It’s been a while… we have been gearing up for quite a transition in our lives: the first day of Junior Kindergarten.  For 9 months we’ve been preparing with calls to the school, meetings with the principal and special education teacher, discussions as to whether Rachel should participate in the full program, and a couple [...]

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August 10, 2012

I had the opportunity to watch the film Indelible today. Wow! I was just blown away by the beauty, joy, and wisdom that emanate from this short piece.  Indelible features Dr. Surekha Ramachandran, the Chairperson for the Down Syndrome Federation of India and mother to a daughter with Down syndrome. The way she articulates the value of [...]

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Finding Ourselves: Favourite Children’s DVDs

July 27, 2012

When I first started watching movies with my husband, I found he had an interesting habit of looking for Greek names in the credits. I had a friend of Polish descent who did the same thing with Polish names.  I suppose as human beings we naturally seek out others like us; people we can relate to in one way or another. Now [...]

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Vacation from Down Syndrome

July 21, 2012

As I mentioned in a previous post, my husband was born and raised in Greece.  Every two years or so, we travel back to his birthplace to visit family and friends and experience the unique culture in which my husband spent his formative years.  Earlier this month, we were back again–swimming in the sea, feasting on Greek delicacies, [...]

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June 23, 2012

I finally had the opportunity to watch the film Girlfriend– and it was absolutely riveting. Evan Sneider gives an incredible performance as Evan, a young man looking for love. Amanda Plummer, Shannon Woodward, and Jackson Rathbone round out the cast as Evan’s devoted mother, his love interest Candy, and Candy’s jealous ex-boyfriend.  When a tragic event occurs in Evan’s life, he must [...]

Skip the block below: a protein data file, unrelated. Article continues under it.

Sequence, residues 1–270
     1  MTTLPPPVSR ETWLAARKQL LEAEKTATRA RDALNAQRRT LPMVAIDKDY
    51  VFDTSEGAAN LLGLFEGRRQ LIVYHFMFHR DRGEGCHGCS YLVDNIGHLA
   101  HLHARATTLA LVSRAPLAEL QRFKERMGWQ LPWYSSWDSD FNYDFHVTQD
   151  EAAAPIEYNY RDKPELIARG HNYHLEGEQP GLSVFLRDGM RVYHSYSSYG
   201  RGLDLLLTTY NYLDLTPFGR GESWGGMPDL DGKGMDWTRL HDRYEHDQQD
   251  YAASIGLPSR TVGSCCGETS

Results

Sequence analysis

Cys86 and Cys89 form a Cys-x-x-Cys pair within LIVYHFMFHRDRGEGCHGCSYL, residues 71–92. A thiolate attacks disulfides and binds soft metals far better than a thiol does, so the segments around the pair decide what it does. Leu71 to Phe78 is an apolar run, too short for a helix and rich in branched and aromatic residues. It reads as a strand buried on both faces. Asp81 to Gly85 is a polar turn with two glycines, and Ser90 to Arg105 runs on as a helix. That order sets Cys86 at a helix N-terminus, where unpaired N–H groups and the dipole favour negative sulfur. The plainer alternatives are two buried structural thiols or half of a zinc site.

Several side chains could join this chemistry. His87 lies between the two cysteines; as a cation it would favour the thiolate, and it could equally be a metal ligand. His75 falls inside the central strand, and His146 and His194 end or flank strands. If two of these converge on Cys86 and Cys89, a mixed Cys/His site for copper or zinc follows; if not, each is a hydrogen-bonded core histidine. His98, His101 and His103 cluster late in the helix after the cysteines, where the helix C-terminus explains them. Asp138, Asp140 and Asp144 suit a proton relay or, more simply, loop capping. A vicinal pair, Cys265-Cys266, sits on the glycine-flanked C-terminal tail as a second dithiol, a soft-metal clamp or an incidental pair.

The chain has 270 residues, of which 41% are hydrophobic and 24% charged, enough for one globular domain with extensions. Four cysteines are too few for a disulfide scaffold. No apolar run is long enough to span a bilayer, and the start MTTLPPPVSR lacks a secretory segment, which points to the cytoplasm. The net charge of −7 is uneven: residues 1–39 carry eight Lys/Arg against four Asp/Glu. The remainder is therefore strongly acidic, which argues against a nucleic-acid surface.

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Canadian Down Syndrome Society Conference – Part 2

June 15, 2012

There were so many sessions of interest which made it very difficult to decide what to attend.  One speaker I was keen to see was Sara Bingham who presented “Enhancing Language and Lessening Frustration”.   Sara’s book The Baby Signing Book has been sitting in our kitchen for the past three years and is an oft-consulted resource in our home.  As [...]

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Canadian Down Syndrome Society Conference 2012 – Part 1

June 9, 2012

In the middle of all the illness our family has experienced this past month, the Canadian Down Syndrome Society Conference was held in Toronto.  I had never been to a Down Syndrome conference before, so I was keen to see what it was all about. Unfortunately because Rachel was ill, I missed seeing Marlee Matlin, the [...]

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Home Sweet Home

June 8, 2012

Just a little update!  We finally got out of hospital last Friday.  They decided to replace the Y2K compliant monitor with a newer, more sensitive one that could track her oxygen better.  When on both the new and older monitor, the new one was consistently higher.  What a relief!  Daddy stayed up all night the last night she was [...]